The reference to cricket as ‘the gentleman’s game’ is one that apparently dates right back to 17th Century English aristocrats. Right now, very few on this planet have lived a life where cricket has ever bared the resemblance of ‘the gentleman’s game’. From bodyline in the 1930’s to the ball tampering saga earlier this year, cricket in itself isn’t very gentlemanly. I often wondered if the reference came about because there’s no man to man contact. Perhaps it’s because cricketers don’t charge into one another like in Rugby, nor do they get to drop to the ground in a world of pain like a soccer player whose just been tickled behind the ear. There may not be physical contact by another player but still to this day, I’m yet to meet someone whose never been intimidated by the big fast bowler hurling the hard red thing at their head. As grown men we understand that this reference is a load of horse manure, but what about the young kids who are yet to experience the brutality that cricket can offer?
The 2010-11 Australian summer will be remembered for a couple of major cricket events that rocked the world. Firstly, it was Australia’s embarrassingly woeful capitulation to the Poms which resulted in a 3-1 loss. More importantly though, it was the season I broke my elbow (long story) two days before Christmas and had to miss the Under 14 Tasmanian Intrastate Cup. I was 13 at the time which coincidentally, despite being primed as the opening batsman for the Southern team, was about my batting average for that season.
I still travelled and watched the boys play, offering some moral support where I could. We made the final of the week long event, batted first and made a mammoth total thanks to a whopping 150 by Caleb Jewell who’s now contracted with the Tigers and Hobart Hurricanes. I was hanging around the team huddle out on the ground before the boys took their fielding positions for the second innings. With a Powerade in my left hand and my right arm in a sling, I walked off the ground and passed the umpires as they walked on. Next thing I hear is a threatening voice that said, “give me a drink of your f*****g Powerade or I’ll break your other arm!” Being an intimidated and nervous 13 year old, I gave my Powerade to the umpire who can’t have been any younger than 70.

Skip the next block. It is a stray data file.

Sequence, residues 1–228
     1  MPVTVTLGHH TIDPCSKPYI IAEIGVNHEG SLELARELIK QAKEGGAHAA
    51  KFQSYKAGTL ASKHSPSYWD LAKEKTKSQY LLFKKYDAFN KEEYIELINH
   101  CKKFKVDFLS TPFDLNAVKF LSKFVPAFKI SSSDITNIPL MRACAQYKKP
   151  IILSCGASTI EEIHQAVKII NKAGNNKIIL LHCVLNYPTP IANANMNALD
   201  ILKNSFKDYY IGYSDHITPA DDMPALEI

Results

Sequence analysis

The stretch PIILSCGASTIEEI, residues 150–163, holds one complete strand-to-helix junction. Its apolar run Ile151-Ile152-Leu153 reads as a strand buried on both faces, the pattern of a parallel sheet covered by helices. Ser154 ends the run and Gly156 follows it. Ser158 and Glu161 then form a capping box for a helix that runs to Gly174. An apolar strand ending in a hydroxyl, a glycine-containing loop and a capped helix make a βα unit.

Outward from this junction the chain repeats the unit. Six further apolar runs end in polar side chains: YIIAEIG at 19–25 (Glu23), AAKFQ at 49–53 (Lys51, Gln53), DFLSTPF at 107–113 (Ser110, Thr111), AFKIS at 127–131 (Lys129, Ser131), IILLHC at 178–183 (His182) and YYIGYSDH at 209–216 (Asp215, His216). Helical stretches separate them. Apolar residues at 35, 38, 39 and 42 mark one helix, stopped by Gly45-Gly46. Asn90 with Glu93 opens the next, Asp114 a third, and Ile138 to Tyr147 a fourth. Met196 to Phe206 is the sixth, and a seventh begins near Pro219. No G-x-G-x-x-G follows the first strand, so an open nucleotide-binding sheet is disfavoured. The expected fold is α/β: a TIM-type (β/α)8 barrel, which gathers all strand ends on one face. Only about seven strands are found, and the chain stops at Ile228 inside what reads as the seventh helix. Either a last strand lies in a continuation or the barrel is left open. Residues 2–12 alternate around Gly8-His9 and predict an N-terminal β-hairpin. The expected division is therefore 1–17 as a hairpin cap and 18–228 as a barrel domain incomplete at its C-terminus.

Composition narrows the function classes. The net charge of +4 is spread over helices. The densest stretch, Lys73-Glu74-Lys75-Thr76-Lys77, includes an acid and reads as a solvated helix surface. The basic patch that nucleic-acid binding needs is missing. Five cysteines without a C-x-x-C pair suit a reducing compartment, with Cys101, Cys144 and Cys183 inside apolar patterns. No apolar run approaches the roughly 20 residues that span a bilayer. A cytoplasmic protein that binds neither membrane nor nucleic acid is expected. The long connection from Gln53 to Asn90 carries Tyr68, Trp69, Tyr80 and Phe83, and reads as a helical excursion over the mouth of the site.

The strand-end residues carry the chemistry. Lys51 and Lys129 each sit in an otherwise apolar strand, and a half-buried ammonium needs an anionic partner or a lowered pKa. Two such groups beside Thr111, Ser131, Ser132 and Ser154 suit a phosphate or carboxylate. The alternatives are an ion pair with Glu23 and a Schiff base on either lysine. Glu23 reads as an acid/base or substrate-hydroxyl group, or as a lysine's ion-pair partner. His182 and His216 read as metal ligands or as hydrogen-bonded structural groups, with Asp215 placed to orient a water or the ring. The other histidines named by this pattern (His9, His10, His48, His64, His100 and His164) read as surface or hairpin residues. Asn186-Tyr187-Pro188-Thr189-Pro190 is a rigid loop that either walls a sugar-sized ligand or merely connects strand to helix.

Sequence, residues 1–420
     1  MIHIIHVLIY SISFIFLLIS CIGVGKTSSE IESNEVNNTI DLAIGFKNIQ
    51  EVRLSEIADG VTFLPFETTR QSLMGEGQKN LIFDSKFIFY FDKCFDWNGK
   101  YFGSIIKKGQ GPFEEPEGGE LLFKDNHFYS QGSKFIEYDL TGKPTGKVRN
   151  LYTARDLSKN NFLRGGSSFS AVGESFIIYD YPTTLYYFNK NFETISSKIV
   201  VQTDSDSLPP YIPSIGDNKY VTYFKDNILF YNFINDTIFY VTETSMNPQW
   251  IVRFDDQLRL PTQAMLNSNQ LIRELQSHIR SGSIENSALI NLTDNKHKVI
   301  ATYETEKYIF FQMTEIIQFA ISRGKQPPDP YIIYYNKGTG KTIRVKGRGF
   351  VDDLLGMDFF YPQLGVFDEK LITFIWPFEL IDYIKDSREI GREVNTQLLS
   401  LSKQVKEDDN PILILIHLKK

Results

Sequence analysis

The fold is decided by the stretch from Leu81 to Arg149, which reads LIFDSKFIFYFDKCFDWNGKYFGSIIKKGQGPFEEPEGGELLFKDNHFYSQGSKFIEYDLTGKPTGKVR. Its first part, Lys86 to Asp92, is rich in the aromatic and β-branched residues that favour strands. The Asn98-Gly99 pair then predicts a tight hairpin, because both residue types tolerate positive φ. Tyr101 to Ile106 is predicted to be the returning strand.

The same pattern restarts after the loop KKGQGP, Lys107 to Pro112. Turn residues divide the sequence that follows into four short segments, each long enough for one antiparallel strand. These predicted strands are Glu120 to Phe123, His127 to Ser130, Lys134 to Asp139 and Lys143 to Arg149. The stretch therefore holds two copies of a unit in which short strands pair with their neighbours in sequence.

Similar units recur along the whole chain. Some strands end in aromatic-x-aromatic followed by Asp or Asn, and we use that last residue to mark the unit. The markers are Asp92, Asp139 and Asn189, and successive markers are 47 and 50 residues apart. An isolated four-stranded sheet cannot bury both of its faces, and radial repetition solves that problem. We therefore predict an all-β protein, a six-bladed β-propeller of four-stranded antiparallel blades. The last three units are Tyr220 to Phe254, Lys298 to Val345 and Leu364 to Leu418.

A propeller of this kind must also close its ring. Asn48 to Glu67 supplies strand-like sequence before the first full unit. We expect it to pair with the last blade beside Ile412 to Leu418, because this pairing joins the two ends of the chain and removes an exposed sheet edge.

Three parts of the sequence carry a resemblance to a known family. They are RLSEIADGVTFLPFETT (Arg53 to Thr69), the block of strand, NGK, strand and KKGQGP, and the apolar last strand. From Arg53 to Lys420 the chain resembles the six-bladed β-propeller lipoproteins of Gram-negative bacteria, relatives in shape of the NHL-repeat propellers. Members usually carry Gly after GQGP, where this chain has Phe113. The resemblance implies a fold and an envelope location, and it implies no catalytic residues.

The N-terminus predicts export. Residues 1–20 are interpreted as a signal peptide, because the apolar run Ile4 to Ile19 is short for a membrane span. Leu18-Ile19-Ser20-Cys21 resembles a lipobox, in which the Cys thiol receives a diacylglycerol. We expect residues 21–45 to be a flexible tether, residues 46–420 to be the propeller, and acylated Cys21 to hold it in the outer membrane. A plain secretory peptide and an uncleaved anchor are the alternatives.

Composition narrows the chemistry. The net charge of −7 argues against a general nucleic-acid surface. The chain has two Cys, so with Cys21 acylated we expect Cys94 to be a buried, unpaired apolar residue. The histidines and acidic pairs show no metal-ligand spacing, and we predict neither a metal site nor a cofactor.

After the game, which we won, I heard about something that that same umpire had said about one of our players during the game. After one of the boys tried but failed to run and take a catch, the umpire was overheard saying “if it was a cheeseburger you would have caught it”. That obviously worked as good motivation for the then tubby teenager, nearly eight years later and he’s one of the fittest and strongest men I know. Regardless, we were 13 year-old boys who were completely oblivious to any kind of sledging, playing the great game of cricket for the love and enjoyment that it brought. What hope did we have if it was umpires, not just opposition players, that were ripping into us?
My second game of first grade cricket as a 17 year old was where I really understood the brutality that cricket can offer through sledging. Standing at the non-striker’s end, I watched on as former QLD opener Wade Townsend copped a whole over of abuse from former Australian ODI player Brett Geeves who was standing at second slip. By this age, I sure wasn’t oblivious to the cheeky sledge here and there. The sheer relentlessness of this though was something else and was a real eye opener to a young bloke trying to make his way. A few overs later and one of their fast bowlers thought it was a good idea to call me a Jew. I struggle to find how someone would take offence to this, except perhaps if we were German and playing during the reign of Adolf Hitler. Alas, it shows how far players will go to unnerve, unsettle and hopefully dismiss an opposition batsman.
This article isn’t designed to want to stop the often vulgar and disgusting sledging. It’s always been part of the game, always will be, and is something that kids need to be educated on from a young age. One day I’ll have to explain to my children that sport, not just cricket, isn’t supposed to be easy, nor nice and friendly. I feel for the parents whose children came up to them after the ball tampering saga and asked, “why did they cheat?” We live in a global sporting world where athletes, teams and organizations will push the boundaries, disrespect opponents and do almost anything to win. Children need to be educated not blinded, so they can prepare for the experiences, good and bad, that sport can offer. As a child, my Dad would wander shopping centres and sport stores telling random people that his son would one day captain Australia. Although it didn’t eventuate, that kind of positivity can help counteract whatever sledging comes your way, even if it’s the big fast bowler who won’t stop telling you how f*****g shit you are.